An annual audit of Wendell’s financial operations and status came back clean, showing a healthy amount of money to pursue new projects even after taking care of other financial obligations.
Finance Director Butch Kay said the biggest point he emphasized with town staff and commissioners is that while the town has over the required 40 percent in the town’s fund balance, some of that money will be used for incomplete projects and fees associated with the development of Wendell Falls.
The town has about $3.9 million that can be used for projects or other costs but $1.7 million of that will eventually be paid to the City of Raleigh for water and sewer service at Wendell Falls, Kay said. That $1.7 million is only an estimated 40 percent of what the town will have to pay to Raleigh to establish some of Wendell Falls’ infrastructure.
Developers of Wendell Falls pay the town for the service and the town will pay the money to Raleigh as construction permits are taken out by builders.
Kay said there was also about $100,000 put back into the fund balance because of a pavement project that wasn’t complete at the end of the fiscal year. The money is expected to come out this year for the project.
The state of the town’s fund balance – essentially the town’s savings account – has been a regular topic at commissioners’ meetings, with commissioners recently agreeing to spend $200,000 from savings for parks and recreation projects. They also approved an application for a North Carolina Parks and Recreation Trust Fund grant, which requires a local match.
The more expensive option would require the town to pay a little over $500,000. The less expensive option required slightly more than $300,000. Part of that money would likely have to come from the fund balance over the three years the town has to pay it.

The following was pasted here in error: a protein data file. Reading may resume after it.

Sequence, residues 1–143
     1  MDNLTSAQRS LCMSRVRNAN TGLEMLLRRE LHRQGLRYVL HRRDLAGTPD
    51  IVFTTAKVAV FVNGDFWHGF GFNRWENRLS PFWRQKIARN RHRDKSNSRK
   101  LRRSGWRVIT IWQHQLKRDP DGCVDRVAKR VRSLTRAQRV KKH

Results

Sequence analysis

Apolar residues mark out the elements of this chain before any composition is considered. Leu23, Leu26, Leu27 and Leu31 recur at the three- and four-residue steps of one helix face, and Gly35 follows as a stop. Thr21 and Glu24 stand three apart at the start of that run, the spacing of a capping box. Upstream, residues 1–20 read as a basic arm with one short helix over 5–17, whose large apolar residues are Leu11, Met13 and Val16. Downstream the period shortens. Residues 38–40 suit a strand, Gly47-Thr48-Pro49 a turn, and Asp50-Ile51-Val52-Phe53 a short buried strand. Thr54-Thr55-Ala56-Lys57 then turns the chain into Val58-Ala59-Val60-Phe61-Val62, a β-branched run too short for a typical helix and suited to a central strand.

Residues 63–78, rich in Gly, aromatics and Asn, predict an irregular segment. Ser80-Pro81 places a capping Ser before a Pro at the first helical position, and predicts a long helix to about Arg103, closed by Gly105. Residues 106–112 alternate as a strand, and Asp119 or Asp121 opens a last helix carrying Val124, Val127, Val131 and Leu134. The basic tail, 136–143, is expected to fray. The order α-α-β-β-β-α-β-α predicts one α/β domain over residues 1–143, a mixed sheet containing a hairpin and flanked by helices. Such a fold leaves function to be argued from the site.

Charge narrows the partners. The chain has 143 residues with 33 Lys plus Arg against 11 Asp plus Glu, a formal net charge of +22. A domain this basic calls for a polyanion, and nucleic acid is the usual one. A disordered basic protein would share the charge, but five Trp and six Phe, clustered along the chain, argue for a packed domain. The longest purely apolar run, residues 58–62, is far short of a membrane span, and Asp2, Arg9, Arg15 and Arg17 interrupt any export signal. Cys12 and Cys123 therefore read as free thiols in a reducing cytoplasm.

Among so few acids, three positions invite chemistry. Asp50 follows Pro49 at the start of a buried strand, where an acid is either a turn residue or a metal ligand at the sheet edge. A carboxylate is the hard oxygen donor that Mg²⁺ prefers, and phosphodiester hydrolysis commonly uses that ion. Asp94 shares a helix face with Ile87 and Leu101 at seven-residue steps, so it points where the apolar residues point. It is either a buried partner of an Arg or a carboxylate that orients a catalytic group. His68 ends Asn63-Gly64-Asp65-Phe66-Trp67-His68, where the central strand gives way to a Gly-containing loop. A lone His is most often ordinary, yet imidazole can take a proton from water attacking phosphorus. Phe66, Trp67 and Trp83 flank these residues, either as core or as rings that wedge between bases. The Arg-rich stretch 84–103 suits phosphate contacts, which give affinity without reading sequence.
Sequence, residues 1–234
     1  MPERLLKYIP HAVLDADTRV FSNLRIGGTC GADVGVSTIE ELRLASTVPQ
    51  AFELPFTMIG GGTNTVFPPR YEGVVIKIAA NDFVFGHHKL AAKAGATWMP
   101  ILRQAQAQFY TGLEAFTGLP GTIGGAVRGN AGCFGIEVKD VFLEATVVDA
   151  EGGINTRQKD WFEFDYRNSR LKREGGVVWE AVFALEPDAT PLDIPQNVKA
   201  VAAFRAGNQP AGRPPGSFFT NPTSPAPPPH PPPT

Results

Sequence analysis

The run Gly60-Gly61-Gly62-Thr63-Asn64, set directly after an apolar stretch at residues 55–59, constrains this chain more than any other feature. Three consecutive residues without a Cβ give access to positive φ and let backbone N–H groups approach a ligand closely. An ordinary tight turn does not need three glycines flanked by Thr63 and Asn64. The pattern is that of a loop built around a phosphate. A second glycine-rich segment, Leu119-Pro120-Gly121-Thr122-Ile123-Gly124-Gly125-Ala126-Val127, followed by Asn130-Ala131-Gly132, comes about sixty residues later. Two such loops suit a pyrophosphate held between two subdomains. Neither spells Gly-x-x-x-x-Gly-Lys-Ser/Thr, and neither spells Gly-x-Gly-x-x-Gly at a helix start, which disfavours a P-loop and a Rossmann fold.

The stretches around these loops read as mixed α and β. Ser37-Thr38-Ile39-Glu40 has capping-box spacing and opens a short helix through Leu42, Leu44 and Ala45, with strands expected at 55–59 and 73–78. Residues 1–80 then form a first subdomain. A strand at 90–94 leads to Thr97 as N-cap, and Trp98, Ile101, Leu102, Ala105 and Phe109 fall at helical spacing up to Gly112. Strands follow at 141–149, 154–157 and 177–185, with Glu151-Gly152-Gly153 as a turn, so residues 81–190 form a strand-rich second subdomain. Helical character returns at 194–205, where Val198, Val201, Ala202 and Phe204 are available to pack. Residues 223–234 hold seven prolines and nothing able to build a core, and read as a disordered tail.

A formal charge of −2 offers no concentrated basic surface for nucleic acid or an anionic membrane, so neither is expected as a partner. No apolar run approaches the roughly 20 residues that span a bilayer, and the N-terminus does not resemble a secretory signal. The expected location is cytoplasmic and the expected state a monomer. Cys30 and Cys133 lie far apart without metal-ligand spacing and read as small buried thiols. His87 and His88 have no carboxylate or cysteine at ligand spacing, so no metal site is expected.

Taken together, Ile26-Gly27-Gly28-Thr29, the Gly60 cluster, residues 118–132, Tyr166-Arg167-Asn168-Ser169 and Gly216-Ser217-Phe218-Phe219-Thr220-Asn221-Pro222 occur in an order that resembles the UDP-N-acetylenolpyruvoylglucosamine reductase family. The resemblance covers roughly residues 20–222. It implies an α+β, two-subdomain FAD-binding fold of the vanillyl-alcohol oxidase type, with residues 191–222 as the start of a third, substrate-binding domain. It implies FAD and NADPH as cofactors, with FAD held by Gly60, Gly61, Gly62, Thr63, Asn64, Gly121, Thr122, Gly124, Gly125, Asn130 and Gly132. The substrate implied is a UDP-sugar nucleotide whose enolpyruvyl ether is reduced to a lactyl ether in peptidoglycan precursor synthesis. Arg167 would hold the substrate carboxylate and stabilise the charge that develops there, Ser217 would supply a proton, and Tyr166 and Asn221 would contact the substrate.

After those expenditures, Kay said a conservative estimate of what the town still has available in the fund balance to spend this year is about $200,000. If the town spends more than that it risks dropping below the savings levels town policy calls for.
Notable collection rates
In addition to the fund balance, Wendell’s audit noted the town’s debt decreased by almost 15 percent in the last fiscal year. The town carries little debt – only $375,156 – but what is marked as debt in the audit is sometimes just debt associated with the town’s water and sewer agreement with the City of Raleigh.
That debt is accrued and paid out several times throughout a fiscal year. Financial audits like Wendell’s take information from a small window of time so if debt was paid off after the audit was complete, it may not be reflected in the report.
Phyllis Pearson of the Zebulon-based Petway, Mills and Pearson accounting firm told commissioners that Wendell’s tax collection rate was also good.
Wendell’s property tax collection rate was 98.6 percent. Only $33,016 went uncollected. The town collected $2,341,246 in property taxes in fiscal year 2014, which ended in June.
Pearson also said the collection rates for vehicle registration fees was a “significant improvement” since the state took over the process. 99 percent of Wendell residents paid the fee on time, which equaled $128,295. Only $759 were not collected for the vehicle tags.